Asian Art Museum | Education

The best of Asian art at the tip of your fingers for use in the classroom or at home.
Close

Sign up

In My Resources you can save the content you like all in one place. Get started by creating an account.

Create a new account

Map Activity: Japan’s Warrior Government (lesson)

Map of Japan

Map of Japan

Objective: 

Students will complete a map of Japan, identify how its proximity to China and Korea influenced samurai culture, and discuss how its geography informed governing policies.

Duration: 
60 minutes
Resource Type: 
Region: 
Grade Level: 
Academic Subject: 
Curriculum Unit: 
Keyword Results: 

Standards (California Department of Education):
History-Social Sciences: Chronological and Spatial Thinking; Historical Interpretation; Research and Evidence: 7.7.5, 7.5.1, 7.5.3, 7.5.4, 7.5.6; Visual and Performing Arts: Connections, Relationships, Applications: 5.5.2; Historical and Cultural Context: 3.3.3

Materials:
Worksheets: Student Worksheet; Teacher’s Answer Key; Map of Japan; Artworks (see "Related Resources" below): Seated Buddha Amitabha; Taming the Ox; Matchlock pistol; Palanquin; Traveling chest

Procedure:
1. Show the Map of Japan.

  • Ask students to discuss the advantages and disadvantages of living on an island (sea trade, could control degree of isolation).
  • Explain that the proximity of Korea and China to Japan influenced Japanese art and culture.

2. Show Seated Buddha Amitabha.

  • Discuss the influence of Korea on Japan such as Buddhism. (Buddhism came to Japan through Korea during the middle of the sixth century. It grew in popularity during the Kamakura period (1185–1333). This religion may have appealed to warriors because of the belief that everyone could attain immediate salvation. This belief comforted them in battle.)

3. Show Taming the Ox

  • What is going on in this picture? How might this illustrate a Buddhist lesson? (Metaphor for controlling one’s mind to achieve enlightenment.)
  • Explain: Ink and brush paintings from China, like the image Taming the Ox, were collected by the wealthy elite in Japan, and were a respected art form studied and practiced by daimyo and their samurai, as well as by monks. Other objects and ideas that came from China include tea, horses, and the idea of creating a clan crest to denote identity. Japan also studied Chinese ideas including philosophy and religion. Zen may have appealed to the warriors because it taught that one could achieve instantaneous enlightenment. One Zen tradition used a form of meditation that focuses on studying paradoxical questions or comments known as koan.

4. Show the Map of Japan.

  • Ask students to describe the topography.
  • Explain that because of Japan’s mountainous terrain, the emperor, and later, the shoguns relied on a lord–vassal system to maintain centralized control. Although the imperial capital remained in Kyoto, the Minamoto clan (Genji) moved their political capital to Kamakura (1192–1333). Hence, this period is usually called the Kamakura period. The Ashikaga clan moved the capital to the Muromachi area of Kyoto. This period is often called the Muromachi period (1336–1573). The Tokugawa clan moved the capital to Edo (present day Tokyo). This is often called the Edo period (1615–1867).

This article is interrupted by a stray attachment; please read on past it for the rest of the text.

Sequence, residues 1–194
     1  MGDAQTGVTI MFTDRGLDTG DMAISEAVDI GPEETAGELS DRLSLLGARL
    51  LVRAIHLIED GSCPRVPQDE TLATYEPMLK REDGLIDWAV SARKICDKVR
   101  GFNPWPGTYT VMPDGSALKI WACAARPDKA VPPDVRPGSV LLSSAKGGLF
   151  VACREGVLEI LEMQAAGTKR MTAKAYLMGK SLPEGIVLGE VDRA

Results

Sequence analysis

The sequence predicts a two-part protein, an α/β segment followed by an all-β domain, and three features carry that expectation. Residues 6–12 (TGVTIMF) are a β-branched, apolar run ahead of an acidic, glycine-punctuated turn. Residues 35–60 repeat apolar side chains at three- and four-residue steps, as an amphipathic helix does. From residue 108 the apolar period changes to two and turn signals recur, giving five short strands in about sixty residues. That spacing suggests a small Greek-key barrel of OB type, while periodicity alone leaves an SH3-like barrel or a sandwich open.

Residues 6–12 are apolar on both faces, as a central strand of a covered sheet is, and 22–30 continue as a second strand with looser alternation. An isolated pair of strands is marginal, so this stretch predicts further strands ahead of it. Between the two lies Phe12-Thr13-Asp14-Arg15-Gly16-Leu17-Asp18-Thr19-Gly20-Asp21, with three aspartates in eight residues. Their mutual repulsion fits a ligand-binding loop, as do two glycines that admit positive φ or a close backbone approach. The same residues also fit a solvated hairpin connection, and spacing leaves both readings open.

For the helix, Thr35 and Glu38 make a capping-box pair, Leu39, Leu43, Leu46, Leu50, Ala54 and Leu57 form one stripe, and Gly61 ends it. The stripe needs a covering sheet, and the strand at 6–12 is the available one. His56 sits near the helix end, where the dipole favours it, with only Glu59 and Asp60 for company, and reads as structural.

5. Discuss the influence of trade and guns on Japan.

  • Show Artwork: Matchlock pistol (Up until the 1500s, Japan was involved with trade and exchange with Europe and the rest of Asia. During the 1500s, the Portuguese introduced the gun.)
    • Ask: How do you think that the introduction of firearms influenced the shogun and daimyo’s ability to maintain control? (Threatened the stability of the power hierarchy, leading Japan to close off its borders except for the port at Nagasaki.)
    • Ask: If you were the shogun, would you enforce gun control? Why or why not?
    • Explain: During the Edo period, the Tokugawa shogun also wanted to prevent rival families from usurping his power. The Tokugawa shogun divided up the land among daimyo who had supported him, and insisted that every other year, the daimyo, his samurai, and their families live in the capital at Edo. The damiyo were required to travel from their region to Edo in a ceremonial procession. What do you think it was like to take this trip? There were no trains, cars, or busses. Imagine what it was like to travel such a long distance on foot.

6. Explore the ways a shogun maintained a centralized government.

  • Show Artwork: Palanquin and Traveling chest
    • Some women would get to ride in this palanquin instead of walking. Why do you think the Shogun insisted that daimyo, their families, and their retinue travel to the capital in such elaborate processions? (One theory is that this expense was another way that the shogun prevented the daimyo from acquiring too much wealth, and subsequently, power.)
    • Explain: Warrior clans also signified their position when traveling by displaying their clan’s crest, a mon. The chest both holds the family crest of the Tokugawa family. The mon is a symbol made up of stylized geometric forms based on nature. Samurai were identified by the mon of the daimyo they served. The concept of a mon was also imported from China centuries ago. The mon would be placed on weapons, armor, banners, and clothing. Today, Japanese families register their mon at city hall. With the mon, many families can trace their lineage back into hundreds of years of history.

7. Complete the student worksheet Map Activity: Japan’s Warrior Government.

Further Research:
Why was the material and intellectual culture in Japan so heavily influenced by China and Korea prior to the establishment of the shogunate? What else was appropriated from China and Korea into Japanese culture? What aspects of Japanese culture influenced Korea and China?

See More [+]See Less [-]

You Might Also Like